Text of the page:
Redwoods could outperform pine for sequestering carbon in some parts of NZ

New Zealand researchers have looked into redwood planting as an alternative to the radiata pine forests which are commonly used in this country to help remove CO₂ from the atmosphere.

The radiata pine growth rate drops after 30 years, potentially dragging long-term efforts to sequester carbon through this tree species.

The researchers have been directly comparing the growth and carbon capture potential of redwood with that of radiata pine.

They found redwood’s growth rates were highest in warm, wet areas like Waikato, Bay of Plenty and Taranaki.

New Zealand has committed to a net-zero emissions target by 2050. Carbon uptake by rapid planting of new forests is the only way New Zealand has to remove CO2 from the atmosphere at the speed required to meet our net-zero target.

Radiata pine is the centrepiece of the afforestation response to climate change because of the species’ high growth rates over the short term.

But the declining growth rate of radiata pine after 30 years may limit New Zealand’s  ability to build enduring carbon stocks if we establish large areas of this species as permanent carbon forests.

The establishment of native forests has been widely advocated.  These species provide important ecosystem services and cultural value.

But native trees grow much slower than exotic species, particularly over the short term, making it difficult to reach net-zero emissions by 2050 using a high proportion of planted native species.

Although the current public debate around reaching net-zero emissions is polarised around the establishment of radiata pine or natives, but coast redwood is among the most promising of other options that could rapidly sequester carbon over both the short and long term.

Redwood is a fast growing exotic tree species native to the western US that can maintain high growth rates over hundreds of years and has been found to store more carbon than forests dominated by any other species.

Individuals within this species include some of the oldest and tallest living trees on earth that have reached ages exceeding 2,200 years and heights of 115 m.

While redwood has considerable potential, the species occupies only 1% of the NZ plantation area in contrast to the 90% covered by radiata pine.

A study by Michael Watt and Mark Kimberley has predicted and compared the amount of carbon sequestered by redwood with that of radiata pine throughout New Zealand.

The lead author, Dr Watt, who is a Principal Scientist at Scion, says:

“Growth rates of redwood were found to be highest in warm, wet areas with optimal regions for the species including Waikato, Bay of Plenty and Taranaki”.

The research shows that by age 40 average carbon for redwood within the North Island exceeded that of radiata pine for stands growing at medium to high density.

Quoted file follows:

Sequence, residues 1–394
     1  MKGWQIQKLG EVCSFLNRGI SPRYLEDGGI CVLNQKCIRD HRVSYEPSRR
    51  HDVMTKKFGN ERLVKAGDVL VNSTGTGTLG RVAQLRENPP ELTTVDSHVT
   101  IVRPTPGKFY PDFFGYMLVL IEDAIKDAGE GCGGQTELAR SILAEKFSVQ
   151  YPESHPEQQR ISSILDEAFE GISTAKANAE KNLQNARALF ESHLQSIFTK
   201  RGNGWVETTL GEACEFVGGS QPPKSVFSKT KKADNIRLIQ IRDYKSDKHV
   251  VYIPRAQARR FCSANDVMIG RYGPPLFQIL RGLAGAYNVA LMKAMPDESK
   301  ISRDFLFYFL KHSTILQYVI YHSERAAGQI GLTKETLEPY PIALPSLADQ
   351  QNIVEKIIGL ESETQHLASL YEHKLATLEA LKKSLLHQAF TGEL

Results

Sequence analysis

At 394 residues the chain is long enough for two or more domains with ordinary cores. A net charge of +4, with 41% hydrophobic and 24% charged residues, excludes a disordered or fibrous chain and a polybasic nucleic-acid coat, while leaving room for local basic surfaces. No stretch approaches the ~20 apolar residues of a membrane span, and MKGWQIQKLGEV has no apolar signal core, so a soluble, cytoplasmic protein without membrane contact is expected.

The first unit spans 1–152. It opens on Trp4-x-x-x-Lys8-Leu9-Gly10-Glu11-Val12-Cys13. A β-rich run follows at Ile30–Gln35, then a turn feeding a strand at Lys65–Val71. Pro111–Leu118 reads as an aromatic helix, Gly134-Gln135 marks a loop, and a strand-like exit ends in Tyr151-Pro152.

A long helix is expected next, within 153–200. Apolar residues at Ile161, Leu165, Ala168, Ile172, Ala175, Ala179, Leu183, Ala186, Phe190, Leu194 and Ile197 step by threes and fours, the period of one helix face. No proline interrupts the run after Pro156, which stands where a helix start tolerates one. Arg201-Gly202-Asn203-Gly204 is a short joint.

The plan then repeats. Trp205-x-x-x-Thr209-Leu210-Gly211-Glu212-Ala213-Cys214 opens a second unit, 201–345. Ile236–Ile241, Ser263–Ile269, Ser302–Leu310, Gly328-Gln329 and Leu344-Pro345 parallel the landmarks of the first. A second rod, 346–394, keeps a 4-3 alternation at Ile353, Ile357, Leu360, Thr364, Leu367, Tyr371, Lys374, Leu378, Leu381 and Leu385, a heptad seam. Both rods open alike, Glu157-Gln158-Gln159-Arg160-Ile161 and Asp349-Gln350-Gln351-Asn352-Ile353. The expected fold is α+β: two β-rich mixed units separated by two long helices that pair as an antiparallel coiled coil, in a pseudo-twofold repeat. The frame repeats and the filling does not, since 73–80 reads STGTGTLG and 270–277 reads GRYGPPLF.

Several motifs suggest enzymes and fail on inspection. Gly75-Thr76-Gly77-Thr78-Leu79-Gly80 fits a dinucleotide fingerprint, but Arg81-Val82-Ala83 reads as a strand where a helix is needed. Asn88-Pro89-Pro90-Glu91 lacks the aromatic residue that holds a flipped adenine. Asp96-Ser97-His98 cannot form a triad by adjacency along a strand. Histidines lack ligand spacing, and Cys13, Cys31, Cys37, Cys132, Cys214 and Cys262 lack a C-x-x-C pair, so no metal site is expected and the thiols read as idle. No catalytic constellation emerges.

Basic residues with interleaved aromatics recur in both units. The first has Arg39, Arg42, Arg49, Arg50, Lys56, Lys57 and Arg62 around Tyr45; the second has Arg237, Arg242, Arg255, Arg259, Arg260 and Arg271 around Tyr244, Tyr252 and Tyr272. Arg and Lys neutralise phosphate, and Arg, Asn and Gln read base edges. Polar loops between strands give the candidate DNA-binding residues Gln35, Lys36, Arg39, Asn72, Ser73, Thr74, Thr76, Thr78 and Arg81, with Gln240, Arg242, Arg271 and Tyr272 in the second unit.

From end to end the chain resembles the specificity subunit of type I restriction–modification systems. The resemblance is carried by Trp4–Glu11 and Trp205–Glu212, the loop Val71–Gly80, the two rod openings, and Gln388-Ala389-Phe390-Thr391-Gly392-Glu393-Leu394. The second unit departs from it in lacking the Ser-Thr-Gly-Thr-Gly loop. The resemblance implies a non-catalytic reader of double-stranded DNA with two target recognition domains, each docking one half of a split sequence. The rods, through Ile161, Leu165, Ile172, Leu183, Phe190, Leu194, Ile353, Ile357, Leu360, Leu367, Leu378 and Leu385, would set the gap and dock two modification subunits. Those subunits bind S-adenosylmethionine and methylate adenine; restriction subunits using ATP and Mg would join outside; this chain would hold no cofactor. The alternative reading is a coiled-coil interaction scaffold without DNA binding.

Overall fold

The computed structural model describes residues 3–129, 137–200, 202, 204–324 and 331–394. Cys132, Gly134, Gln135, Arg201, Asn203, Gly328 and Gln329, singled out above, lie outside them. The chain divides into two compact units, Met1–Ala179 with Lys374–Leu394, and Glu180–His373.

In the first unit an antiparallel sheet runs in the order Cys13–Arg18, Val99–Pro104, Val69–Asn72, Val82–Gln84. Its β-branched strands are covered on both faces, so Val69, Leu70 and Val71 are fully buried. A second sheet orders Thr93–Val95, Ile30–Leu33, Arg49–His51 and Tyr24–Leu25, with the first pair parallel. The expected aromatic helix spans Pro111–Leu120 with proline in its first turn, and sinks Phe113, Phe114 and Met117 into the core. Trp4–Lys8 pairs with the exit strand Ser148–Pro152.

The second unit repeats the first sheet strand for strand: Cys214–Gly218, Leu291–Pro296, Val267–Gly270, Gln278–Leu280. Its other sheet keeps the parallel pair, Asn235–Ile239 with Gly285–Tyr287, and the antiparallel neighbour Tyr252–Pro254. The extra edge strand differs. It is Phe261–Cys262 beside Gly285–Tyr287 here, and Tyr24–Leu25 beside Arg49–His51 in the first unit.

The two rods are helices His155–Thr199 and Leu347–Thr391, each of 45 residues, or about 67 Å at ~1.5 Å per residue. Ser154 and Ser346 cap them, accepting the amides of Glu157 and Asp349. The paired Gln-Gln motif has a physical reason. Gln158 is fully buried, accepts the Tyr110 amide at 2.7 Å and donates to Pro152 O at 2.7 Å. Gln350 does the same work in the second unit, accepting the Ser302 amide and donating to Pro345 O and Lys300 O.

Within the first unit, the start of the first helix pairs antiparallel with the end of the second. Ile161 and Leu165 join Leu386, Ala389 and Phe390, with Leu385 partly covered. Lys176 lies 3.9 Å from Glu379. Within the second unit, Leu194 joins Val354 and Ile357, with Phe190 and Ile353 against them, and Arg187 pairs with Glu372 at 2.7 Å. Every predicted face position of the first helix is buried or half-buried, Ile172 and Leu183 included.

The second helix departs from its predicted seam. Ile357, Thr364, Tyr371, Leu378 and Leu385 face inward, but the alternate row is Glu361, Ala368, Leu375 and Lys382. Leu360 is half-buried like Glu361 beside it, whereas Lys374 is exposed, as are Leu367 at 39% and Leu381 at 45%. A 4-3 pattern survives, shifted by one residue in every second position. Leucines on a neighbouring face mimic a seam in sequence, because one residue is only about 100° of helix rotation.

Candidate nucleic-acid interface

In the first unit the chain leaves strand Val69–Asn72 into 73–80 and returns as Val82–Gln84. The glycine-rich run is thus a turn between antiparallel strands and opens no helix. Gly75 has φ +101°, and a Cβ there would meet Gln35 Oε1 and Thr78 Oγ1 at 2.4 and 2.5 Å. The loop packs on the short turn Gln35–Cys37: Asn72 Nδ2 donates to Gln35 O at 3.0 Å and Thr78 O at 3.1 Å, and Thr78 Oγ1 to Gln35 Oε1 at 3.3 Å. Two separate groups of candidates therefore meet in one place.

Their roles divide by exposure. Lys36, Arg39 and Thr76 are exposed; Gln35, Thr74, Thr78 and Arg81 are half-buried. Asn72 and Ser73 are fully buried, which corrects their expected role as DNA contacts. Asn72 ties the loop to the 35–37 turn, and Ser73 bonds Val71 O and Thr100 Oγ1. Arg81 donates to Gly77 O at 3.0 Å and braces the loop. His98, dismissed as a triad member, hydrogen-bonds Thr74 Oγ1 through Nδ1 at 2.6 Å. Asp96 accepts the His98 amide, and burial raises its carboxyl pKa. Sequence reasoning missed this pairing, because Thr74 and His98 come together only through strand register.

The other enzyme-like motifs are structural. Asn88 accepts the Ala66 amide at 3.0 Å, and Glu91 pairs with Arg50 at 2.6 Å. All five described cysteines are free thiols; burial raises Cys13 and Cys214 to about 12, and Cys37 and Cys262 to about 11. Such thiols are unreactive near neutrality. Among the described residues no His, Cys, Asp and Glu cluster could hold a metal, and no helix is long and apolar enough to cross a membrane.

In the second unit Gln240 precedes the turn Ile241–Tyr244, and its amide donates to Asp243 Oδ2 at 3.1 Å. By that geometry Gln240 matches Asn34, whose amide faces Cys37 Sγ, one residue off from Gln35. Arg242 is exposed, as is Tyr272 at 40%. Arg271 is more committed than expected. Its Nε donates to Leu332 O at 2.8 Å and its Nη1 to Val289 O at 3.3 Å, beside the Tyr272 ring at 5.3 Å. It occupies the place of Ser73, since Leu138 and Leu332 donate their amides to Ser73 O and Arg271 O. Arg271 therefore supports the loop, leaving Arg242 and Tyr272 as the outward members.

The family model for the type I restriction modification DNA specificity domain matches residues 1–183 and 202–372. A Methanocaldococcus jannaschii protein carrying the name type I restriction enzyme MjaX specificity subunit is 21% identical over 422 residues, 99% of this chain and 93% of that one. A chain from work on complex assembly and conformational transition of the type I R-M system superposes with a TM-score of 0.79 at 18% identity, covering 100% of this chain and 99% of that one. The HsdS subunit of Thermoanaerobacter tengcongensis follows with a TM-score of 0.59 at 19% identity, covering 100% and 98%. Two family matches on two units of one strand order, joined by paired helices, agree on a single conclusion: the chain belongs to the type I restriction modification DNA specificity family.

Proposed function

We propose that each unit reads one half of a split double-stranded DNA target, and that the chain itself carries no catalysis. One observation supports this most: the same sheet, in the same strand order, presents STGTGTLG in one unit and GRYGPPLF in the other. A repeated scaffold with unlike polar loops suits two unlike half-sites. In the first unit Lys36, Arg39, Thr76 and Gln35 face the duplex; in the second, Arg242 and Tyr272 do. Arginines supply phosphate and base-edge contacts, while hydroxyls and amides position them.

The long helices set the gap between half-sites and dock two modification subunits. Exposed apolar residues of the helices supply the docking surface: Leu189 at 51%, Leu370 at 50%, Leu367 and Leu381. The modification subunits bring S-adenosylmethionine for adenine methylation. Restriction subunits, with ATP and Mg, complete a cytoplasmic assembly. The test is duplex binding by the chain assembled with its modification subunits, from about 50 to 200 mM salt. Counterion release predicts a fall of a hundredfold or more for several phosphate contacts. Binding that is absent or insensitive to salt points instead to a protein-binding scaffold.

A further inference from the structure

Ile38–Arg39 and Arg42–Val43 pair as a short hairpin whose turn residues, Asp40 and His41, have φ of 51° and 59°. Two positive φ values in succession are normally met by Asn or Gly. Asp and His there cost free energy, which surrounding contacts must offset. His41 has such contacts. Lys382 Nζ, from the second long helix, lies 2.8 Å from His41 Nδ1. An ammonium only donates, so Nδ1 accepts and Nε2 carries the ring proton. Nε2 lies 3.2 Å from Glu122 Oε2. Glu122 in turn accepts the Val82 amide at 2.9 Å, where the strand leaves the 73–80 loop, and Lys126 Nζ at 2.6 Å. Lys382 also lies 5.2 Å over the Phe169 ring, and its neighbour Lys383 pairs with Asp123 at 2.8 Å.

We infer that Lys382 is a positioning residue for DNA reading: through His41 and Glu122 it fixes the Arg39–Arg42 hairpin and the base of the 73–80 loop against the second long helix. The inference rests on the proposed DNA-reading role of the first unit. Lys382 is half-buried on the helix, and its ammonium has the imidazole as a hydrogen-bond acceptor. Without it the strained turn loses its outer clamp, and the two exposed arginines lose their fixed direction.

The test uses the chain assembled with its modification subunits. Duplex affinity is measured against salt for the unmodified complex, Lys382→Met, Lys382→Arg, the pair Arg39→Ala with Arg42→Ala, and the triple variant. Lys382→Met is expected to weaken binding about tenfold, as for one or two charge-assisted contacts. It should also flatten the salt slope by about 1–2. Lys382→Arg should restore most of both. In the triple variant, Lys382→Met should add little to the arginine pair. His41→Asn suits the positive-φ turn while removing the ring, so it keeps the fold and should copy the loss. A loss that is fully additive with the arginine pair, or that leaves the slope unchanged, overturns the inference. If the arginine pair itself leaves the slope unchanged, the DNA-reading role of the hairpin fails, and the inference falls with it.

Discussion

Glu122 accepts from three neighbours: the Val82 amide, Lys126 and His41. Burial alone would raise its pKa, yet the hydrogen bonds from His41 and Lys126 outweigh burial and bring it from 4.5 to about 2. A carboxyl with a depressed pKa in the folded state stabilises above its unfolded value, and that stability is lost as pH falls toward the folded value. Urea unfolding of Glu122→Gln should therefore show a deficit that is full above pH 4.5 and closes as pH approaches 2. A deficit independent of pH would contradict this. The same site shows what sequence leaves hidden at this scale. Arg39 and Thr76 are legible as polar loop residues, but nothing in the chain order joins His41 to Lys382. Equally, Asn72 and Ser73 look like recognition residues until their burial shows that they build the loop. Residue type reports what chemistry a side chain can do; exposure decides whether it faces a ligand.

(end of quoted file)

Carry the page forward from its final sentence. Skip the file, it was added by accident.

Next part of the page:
Predictions of carbon at age 40 for redwood were very high within the Bay of Plenty and Waikato where they reached 4,000 tonnes CO2/ha at some locations which far exceeded the 1,750–2,500 tonnes CO2/ha reached by radiata pine at these sites.

Because redwood grows faster than radiata pine at older ages, the species difference in carbon becomes even more pronounced at age 50 for sites that are suited to redwood.

Redwood was found to grow relatively slowly on cold and/or dry sites and the species had lower carbon productivity than radiata pine at age 40 throughout most of the eastern South Island.

Although the maps that were developed are intended only as a guide for afforestation and growers should take into account microsite effects, they do clearly illustrate the environmental preferences of both species.

Redwood has a number of other important advantages, says Dr Watt.

“Redwood has stable appearance grade timber that has a high value and excellent market potential both domestically and in export markets. Heartwood timber grades are naturally durable. Redwood has a justified reputation as a healthy species with no major insect or disease problems and is relatively resistant to fire and wind damage. The wilding risk from redwood has been rated as very low and the species is an ideal choice for erosion control.

“Redwood is an attractive tree and older stands such as Whakarewarewa Forest in Rotorua have high recreational value. As redwoods are shade enduring they can be managed as a continuous cover crop with selective felling which makes the species an ideal candidate for permanent forests that can continuously supply timber and sequester carbon”.

The project was funded through Scion SSIF funding.

Source:  Scimex



Author: Bob Edlin

Editor of AgScience Magazine and Editor of the AgScience Blog